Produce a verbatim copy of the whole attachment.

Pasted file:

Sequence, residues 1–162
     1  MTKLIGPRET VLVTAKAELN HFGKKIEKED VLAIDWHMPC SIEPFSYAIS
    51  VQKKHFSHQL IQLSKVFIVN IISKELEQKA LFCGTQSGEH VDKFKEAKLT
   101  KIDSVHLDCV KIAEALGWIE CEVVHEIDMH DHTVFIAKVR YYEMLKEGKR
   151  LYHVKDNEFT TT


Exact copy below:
Sequence, residues 1–162
     1  MTKLIGPRET VLVTAKAELN HFGKKIEKED VLAIDWHMPC SIEPFSYAIS
    51  VQKKHFSHQL IQLSKVFIVN IISKELEQKA LFCGTQSGEH VDKFKEAKLT
   101  KIDSVHLDCV KIAEALGWIE CEVVHEIDMH DHTVFIAKVR YYEMLKEGKR
   151  LYHVKDNEFT TT